Find me a chubby chicken and I'll show you a virus

February 02, 2006|by TIM ROWLAND

As you might be aware, no journalist is more dedicated to covering the growing obesity crisis than I am, seeing as how I consider it to be a "hometown Hagerstown" issue, much the way journalists in Cocoa Beach cover Cape Canaveral.

The government, which defines "obese" as anyone whose ribs cannot be played like a xylophone and is basically one carrot stick away from abject starvation, is a willing accomplice in my quest for information, since every other day it is coming out with a new report under the scientific category of "You people are pigs!"

As a matter of fact, if the government pooled all the money it spends on reports and funding for the U.S. Department of Caloric Scolding, it could easily pay the liposuction tab for every overweight American.

That would be great news for fat people, but bad news for all the nutrition researchers who themselves pork up at the trough of government grants. Forget what they say, none of these health experts, nutrition Nazis and fitness gurus want you to be skinny because there's no money in it. If everybody's thin, John Basedow is out of business. You think there's a market for "Six-Pack Abs" in Ethiopia? Please.


They want you to be fat so they can continue to make money by nagging you about it. So no, I don't have great news today for the people of ample carriage, but I do have good news.

It might not be your fault.

The next best thing to being thin is having a reason why we're not. Big-boned, water retention, genetics, tumor the size of a construction barrel - whatever it takes to shift the responsibility to some vehicle other than the dessert cart.

But I bet even in your wildest, fat-mitigation dreams, you never thought of this one: Virus.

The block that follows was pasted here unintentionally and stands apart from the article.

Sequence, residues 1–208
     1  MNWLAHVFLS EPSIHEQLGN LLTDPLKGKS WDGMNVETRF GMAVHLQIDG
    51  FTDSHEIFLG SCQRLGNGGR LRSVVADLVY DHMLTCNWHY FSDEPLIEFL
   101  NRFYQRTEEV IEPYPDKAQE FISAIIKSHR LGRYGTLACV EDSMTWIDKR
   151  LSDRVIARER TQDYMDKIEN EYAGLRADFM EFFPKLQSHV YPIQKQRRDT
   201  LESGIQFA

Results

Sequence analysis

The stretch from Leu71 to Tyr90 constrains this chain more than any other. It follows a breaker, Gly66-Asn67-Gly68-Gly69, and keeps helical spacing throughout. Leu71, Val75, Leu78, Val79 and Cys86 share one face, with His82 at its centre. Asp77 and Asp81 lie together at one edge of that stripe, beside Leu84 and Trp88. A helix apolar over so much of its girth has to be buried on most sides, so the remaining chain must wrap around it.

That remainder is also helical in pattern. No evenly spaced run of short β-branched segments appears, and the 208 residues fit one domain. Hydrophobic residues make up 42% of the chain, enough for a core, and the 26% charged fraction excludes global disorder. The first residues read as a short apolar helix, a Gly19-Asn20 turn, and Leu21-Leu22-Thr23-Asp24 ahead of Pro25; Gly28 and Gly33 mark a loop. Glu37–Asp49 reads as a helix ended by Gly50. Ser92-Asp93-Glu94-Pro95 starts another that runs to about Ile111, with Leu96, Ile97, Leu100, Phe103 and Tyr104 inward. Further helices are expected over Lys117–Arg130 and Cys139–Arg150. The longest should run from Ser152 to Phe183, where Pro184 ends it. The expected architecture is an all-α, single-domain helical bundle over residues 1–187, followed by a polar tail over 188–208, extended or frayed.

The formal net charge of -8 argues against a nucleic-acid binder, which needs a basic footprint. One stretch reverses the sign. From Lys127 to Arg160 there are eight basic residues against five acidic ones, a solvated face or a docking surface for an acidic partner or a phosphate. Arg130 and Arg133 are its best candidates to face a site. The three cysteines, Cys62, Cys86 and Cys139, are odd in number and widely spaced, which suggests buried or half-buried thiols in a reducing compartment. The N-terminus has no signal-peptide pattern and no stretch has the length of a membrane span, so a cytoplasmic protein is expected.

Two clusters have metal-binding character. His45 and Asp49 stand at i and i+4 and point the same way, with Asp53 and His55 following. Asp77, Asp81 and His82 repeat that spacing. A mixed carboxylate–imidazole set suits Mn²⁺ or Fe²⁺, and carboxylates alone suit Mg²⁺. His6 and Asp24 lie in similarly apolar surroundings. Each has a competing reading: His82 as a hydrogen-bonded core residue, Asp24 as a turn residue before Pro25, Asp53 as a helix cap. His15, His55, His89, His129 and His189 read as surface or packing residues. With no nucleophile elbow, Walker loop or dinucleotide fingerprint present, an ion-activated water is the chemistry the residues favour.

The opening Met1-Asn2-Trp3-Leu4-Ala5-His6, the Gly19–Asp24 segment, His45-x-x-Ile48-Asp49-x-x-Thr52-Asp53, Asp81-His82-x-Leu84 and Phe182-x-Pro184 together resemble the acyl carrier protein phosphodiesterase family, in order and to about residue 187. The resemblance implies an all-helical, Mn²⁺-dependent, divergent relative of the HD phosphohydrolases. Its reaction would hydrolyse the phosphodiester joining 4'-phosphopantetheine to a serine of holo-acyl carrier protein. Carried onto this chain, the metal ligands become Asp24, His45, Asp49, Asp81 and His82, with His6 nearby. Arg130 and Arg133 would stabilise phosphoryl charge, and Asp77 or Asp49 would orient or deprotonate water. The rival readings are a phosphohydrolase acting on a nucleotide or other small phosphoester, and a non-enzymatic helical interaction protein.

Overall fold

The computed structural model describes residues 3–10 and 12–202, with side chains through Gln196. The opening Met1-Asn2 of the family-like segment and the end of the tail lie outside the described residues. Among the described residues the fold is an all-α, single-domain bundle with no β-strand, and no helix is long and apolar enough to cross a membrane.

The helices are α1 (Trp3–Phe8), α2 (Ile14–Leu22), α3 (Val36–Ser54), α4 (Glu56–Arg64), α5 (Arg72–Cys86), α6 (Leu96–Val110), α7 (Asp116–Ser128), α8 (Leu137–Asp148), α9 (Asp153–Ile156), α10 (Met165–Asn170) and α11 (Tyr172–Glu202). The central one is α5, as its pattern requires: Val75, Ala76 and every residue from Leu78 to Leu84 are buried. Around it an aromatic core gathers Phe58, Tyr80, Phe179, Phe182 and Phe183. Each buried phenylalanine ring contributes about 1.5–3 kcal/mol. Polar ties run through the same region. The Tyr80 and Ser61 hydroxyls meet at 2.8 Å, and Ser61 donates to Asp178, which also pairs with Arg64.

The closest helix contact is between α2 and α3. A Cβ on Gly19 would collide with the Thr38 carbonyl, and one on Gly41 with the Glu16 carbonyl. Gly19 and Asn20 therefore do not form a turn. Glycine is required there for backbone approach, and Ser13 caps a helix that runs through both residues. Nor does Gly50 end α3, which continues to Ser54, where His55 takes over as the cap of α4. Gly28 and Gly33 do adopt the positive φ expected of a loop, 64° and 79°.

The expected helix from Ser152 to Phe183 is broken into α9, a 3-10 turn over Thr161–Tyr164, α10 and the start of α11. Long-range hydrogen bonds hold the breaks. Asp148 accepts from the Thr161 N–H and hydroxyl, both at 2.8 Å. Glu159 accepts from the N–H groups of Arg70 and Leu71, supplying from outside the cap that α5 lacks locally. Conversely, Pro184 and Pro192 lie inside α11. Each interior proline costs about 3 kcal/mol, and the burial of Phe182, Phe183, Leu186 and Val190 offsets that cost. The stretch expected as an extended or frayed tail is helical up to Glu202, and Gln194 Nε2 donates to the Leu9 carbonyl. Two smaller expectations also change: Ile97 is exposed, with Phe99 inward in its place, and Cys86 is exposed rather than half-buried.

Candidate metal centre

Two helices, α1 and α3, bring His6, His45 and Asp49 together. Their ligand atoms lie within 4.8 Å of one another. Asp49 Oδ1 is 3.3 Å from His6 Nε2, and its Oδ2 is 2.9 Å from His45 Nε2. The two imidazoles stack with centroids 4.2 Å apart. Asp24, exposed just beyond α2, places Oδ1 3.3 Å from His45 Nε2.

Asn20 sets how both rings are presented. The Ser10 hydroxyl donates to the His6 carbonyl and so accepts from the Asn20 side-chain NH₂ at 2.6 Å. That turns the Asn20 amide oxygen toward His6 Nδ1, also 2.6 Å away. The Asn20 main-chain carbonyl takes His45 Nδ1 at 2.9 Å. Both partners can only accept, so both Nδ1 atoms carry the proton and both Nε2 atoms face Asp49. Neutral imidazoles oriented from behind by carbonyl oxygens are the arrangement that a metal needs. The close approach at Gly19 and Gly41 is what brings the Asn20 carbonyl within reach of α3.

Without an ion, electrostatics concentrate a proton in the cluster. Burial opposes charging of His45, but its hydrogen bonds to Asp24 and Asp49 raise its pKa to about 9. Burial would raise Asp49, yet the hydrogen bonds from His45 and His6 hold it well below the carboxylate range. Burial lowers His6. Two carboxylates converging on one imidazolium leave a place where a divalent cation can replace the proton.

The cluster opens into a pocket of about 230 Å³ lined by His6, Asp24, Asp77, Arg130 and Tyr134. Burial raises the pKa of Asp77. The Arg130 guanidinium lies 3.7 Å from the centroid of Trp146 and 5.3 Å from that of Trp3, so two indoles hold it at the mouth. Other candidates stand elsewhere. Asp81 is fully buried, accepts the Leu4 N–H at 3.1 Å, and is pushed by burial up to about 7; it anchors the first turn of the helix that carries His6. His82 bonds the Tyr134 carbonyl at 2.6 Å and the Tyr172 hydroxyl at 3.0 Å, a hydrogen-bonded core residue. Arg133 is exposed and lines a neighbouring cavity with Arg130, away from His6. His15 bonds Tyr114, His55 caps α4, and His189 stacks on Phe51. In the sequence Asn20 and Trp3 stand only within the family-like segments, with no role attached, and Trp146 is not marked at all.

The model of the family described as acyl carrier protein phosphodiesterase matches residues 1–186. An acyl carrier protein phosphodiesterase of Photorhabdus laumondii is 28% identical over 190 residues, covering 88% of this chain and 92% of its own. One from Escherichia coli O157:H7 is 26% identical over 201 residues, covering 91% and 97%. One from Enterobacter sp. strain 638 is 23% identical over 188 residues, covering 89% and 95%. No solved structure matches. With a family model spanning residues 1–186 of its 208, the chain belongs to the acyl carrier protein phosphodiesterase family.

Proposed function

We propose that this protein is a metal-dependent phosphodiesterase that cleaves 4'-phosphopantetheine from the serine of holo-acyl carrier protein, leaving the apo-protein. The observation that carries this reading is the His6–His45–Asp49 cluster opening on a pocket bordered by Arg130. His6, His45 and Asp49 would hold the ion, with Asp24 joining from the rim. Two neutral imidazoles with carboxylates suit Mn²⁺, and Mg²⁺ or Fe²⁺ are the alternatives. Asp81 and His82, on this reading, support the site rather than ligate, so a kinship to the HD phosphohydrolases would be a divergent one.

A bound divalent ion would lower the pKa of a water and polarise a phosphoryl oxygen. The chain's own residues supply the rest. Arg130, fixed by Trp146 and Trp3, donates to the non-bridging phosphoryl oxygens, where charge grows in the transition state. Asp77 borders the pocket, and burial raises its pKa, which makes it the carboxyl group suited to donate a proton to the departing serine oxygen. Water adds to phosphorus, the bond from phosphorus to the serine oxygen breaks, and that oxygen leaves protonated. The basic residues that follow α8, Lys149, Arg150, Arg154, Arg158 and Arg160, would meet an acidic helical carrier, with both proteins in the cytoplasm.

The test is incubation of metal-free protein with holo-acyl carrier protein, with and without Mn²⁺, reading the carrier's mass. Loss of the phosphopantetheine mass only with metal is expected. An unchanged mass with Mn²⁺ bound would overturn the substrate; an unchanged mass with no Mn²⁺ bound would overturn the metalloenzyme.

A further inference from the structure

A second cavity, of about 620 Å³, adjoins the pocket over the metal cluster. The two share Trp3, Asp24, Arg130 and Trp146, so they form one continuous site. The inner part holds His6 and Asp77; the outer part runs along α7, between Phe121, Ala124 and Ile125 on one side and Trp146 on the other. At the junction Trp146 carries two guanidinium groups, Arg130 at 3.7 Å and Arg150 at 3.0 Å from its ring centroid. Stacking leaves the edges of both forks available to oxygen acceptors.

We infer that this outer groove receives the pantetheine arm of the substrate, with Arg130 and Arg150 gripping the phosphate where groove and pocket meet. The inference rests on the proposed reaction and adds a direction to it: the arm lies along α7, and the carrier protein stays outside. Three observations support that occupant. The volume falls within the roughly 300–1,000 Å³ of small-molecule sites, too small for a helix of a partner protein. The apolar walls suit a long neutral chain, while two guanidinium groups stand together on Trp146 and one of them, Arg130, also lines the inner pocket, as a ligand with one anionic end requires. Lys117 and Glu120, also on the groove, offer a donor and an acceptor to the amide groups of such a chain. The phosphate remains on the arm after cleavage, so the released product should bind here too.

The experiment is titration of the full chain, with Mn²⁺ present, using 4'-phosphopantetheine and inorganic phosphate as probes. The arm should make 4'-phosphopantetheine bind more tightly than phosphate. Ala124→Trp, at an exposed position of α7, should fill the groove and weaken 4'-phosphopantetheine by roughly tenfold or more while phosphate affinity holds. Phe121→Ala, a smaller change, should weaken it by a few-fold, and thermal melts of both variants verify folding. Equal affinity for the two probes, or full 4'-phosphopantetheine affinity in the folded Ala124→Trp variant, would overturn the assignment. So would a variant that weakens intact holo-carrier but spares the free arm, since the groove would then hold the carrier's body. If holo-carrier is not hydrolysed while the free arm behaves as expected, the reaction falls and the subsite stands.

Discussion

According to - and don't laugh at this name, because for all I know it is a very reputable Web site - "... scientists have wondered whether viruses should shoulder some responsibility for the wave of obesity sweeping the planet. On Monday, a U.S. medical journal released a study establishing such a link in chickens."

It continues, "In all of human history, obesity stands alone among chronic diseases for the rapidity of its spread. In fact, the pattern of its quick rise looks very much like that of an infectious disease epidemic."

Well, that or food.

It just seems weird to think of obesity as something you can catch, like a cold, or disco fever.

"Dear Miss Marmelstein,

Please excuse Johnny from school today. Over the weekend, he came down with a bad case of the fats."

Six viruses have been identified that cause obesity in animals, and now the American Journal of Scientific Gobbledygook says a human virus that causes obesity in chickens suggests people might themselves suffer from viral voluminousness.

The financial implications of this breakthrough are obvious. I know that I, for one, would pay a lot of money - a lot - to see a fat chicken. We've all seen fat dogs and fat cats, and maybe even what could be considered a fat horse. But a fat chicken? I don't even know where you would find the gut on a chicken.

But, beyond that, if fatness is caused by a virus, a vaccine could theoretically be developed to combat the affliction. It would be like anti-steroids, I suppose. A simple shot and you begin to wither away. Oh, and all those people who have told you through the years that they can't give blood because they're "scared of needles"? That's a phobia that'll get tossed by the wayside with a quickness, because I guarantee you that they are a LOT more scared of treadmills.

And it brings up another question: If obesity is caused by a virus, does this mean fat people are contagious? And do we need to quarantine them?

Of course, with our luck, fat will turn out to be like the common cold. We'll be able to identify it, but we will be powerless to do anything about it. Take heart, however, because although the drug companies won't come up with a permanent cure, they will doubtless come up with a TON of medicines they can sell us over and over and over again for the "fast, temporary relief" of symptoms. They'll have catchy little names like "Slow-besity: The fat reliever doctors prefer most."

But a cure?

A Hagerstown taxicab company will put a brand-new automobile into service before that happens.

Tim Rowland is a Herald-Mail columnist.

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